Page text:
KABUL – Scenes of absolute mayhem are taking place right in front of the Bakhtar cinema in Kabul. It’s Tuesday morning, November 20, and the crowd is going mad, getting ready for the midday show of El An (The Announcement), an Indian Bollywood movie.

The Bakthar had finally reopened the day before – more than five years after the Taliban took over Kabul – and instantly became the greatest show in town. The capacity crowd is 650 – but there may be at least 5,000 trying to catch this performance.

One ticket costs only 5,000 Afghanis (a little more than 10 US cents). Lost in the crowd, Naseem can barely contain his excitement. The last film he saw in his life was Rambo 4: “There wasn’t any life here. For us, it’s like being born. We feel like we died.”

The Bakthar lobby is filled with ragged posters of dodgy Indian movies such as Aatish (directed by Sanjay Gupta), Sadak (directed by Makesh Bhatt) and Kaali Ganga (directed by Raj Sippy). Some 40-odd prints miraculously survived the Taliban cultural holocaust, according to cinema owner and “businessman” (he used to sell pottery), Saleh Muhamad. This is his cinema, and has been for 28 years now. When the Taliban rode into town in 1996, he was arrested and jailed for 22 days. The cinema was closed and he had to pay a fine of 500,000 Afghanis (almost US$20 at the time). “Because for the Taliban, I was a criminal,” he says.

An extraordinary cast of characters manages to get past the human and iron barriers on the way to the screening room. There are soldiers, heavily injured people, kids; there are Tajiks and Hazaras; they are enveloped in robes and blankets or in ghastly “Made in China” leather jackets. But in this sweating sea of humanity there’s not a single woman or girl in sight. And if there were any, they would not be able to survive the mayhem.

A guard intervenes, “Please don’t take a picture when we are beating people.” People are indeed being mercilessly beaten with sticks and leather whips. Everybody is frisked. The improvised security team manages to confiscate two machine guns, one revolver, four knuckle dusters, 14 knifes, eight radios (“there could be a bomb inside”) and a menacing collection of butcher’s knives. Northern Alliance soldiers leave their magazines at the security check, but they keep their rifles. Local police, dressed in gray uniforms, do the same. Even in the middle of this crazy mess, everybody is deliriously happy, like the punter exclaiming, “All of six years I wanted to see a movie! Very good! Good night!”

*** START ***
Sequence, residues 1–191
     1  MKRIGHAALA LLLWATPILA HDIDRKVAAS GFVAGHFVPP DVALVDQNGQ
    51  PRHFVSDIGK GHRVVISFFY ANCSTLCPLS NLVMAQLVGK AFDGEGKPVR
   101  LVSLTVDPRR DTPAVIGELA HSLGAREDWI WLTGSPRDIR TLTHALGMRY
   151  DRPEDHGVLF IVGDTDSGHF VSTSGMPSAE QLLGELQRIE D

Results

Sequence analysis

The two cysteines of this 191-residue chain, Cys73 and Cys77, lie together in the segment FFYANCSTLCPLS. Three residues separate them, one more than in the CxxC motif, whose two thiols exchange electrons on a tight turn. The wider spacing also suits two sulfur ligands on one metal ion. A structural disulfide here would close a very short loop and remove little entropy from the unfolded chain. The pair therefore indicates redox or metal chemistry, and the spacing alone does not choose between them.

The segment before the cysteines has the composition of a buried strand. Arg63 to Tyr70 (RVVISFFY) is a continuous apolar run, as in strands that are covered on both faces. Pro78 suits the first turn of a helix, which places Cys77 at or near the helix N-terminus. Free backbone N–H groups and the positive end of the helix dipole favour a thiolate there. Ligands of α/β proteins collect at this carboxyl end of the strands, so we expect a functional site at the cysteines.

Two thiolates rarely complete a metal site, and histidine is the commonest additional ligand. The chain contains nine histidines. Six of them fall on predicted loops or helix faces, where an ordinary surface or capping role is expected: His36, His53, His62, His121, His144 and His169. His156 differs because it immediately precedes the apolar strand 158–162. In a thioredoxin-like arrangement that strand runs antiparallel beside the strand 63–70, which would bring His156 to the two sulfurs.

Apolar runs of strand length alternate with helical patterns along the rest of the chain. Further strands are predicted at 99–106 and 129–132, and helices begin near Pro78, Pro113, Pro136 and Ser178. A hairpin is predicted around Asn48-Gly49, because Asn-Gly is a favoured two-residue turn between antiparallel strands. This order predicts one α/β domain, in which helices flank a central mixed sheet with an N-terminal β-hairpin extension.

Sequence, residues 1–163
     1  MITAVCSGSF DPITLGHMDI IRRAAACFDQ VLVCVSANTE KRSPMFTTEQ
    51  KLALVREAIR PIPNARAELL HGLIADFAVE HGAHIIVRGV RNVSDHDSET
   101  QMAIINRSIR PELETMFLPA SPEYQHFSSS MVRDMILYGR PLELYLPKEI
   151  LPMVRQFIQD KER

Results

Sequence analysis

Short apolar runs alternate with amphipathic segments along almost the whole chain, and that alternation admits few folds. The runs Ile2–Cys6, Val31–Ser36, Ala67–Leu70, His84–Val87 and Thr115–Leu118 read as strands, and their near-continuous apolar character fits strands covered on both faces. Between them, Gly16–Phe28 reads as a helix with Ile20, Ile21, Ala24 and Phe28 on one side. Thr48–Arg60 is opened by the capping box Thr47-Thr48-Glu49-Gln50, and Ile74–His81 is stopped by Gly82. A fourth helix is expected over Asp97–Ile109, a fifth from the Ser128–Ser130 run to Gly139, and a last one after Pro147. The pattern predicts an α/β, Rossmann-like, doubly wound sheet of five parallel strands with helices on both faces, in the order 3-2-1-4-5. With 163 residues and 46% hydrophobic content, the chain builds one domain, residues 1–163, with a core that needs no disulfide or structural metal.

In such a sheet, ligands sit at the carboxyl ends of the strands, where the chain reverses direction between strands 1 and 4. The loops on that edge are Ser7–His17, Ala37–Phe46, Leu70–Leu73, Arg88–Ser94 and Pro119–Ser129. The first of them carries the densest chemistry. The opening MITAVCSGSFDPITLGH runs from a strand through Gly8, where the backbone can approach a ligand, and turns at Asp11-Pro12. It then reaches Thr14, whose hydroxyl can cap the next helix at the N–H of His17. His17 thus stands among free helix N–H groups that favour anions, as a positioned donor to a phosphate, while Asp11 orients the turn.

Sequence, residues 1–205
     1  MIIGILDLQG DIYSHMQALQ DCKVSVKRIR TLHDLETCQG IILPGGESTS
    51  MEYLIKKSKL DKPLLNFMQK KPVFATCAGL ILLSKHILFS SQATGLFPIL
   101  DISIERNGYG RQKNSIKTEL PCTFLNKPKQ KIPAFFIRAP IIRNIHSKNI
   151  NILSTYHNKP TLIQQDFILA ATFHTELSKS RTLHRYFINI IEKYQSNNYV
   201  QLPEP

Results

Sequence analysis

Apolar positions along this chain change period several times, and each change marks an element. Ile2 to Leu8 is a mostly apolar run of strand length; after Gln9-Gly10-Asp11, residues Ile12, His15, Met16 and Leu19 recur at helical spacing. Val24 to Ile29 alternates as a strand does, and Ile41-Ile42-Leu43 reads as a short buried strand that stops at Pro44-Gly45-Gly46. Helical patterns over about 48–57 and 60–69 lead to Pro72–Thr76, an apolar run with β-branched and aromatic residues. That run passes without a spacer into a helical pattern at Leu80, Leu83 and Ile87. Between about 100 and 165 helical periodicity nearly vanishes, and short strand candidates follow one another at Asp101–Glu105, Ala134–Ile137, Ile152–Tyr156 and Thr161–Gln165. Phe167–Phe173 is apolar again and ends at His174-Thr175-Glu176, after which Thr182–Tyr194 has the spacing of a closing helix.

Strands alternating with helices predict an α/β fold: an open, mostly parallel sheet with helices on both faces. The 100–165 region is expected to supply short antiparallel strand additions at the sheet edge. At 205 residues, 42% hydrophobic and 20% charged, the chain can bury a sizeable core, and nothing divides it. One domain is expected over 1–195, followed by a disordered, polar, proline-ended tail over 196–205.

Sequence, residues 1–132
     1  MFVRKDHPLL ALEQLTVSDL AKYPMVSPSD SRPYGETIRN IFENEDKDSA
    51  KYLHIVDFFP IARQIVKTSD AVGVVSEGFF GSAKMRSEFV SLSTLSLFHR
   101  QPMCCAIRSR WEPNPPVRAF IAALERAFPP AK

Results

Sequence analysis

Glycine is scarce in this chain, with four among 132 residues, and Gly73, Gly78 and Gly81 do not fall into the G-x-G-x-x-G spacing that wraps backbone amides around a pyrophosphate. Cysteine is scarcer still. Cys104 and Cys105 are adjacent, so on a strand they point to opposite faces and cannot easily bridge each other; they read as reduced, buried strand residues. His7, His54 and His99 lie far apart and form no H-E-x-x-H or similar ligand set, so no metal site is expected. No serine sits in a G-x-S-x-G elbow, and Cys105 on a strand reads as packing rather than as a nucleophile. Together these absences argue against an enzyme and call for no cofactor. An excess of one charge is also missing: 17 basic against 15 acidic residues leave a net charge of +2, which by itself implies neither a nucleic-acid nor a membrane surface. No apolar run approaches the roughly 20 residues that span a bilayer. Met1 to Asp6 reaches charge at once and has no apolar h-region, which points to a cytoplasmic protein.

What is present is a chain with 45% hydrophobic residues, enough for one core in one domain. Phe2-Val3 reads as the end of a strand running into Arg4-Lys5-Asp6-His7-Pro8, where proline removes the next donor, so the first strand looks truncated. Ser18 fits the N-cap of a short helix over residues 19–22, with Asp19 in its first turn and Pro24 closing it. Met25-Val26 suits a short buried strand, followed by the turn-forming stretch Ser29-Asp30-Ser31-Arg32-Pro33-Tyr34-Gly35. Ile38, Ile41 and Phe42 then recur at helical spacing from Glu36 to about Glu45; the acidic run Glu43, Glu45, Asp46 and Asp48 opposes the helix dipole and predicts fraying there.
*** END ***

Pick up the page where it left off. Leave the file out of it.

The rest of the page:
The Bakhtar will now be in business with three or four shows a day – fascinating thousands with Rambo 4, old Jackie Chan epics and even an Afghan movie, Uroj, whose poster features a “bad” communist smashing a bottle of vodka on some poor soul’s head. Flush with literally mountains of cash, the manager hopes to start importing films from India pretty soon – “American films are very expensive.”

Life is a movie in liberated Kabul – so many dramatic, extraordinary stories that would have driven Federico Fellini crazy. Gogochor – a ravishing Iranian singer – is the ultimate music smash in all cassette mini-booths. A satellite dish factory is making 25 units a week – and selling them all. The Kabul branch of the City Bank of Afghanistan is very well protected – the security includes a guy with a rocket launcher – but there’s absolutely no money inside the bank: people saved their money at home during Taliban time, and they never spent it. Now they are having fun buying radios, cassettes – and satellite dishes.

Speaking perfect French, Abdul Aziz Bakhshi – an electronics engineer who received his degree in Uzbekistan – can be found in a stall in an open-air bazaar selling tacky second-hand Chinese clothes. Bakhshi studied in Kabul’s famous Lycee Istliqal, just as legendary commander Ahmad Shah Masoud, the slain army head of the Northern Alliance, who was one year his senior. He used to work for French NGO Acted – which is still conducting many projects in Northern Afghanistan (but not in Kabul, because of the Taliban). He makes roughly 400,000 Afghanis a day (about $10) in the bazaar, he keeps educating all the family in French, and most of all he is happy with the return of his female customers, shopping by themselves, with no harassment, and many not bothering to wear even a scarf. Bakhshi’s dream: to get his job back with the NGO.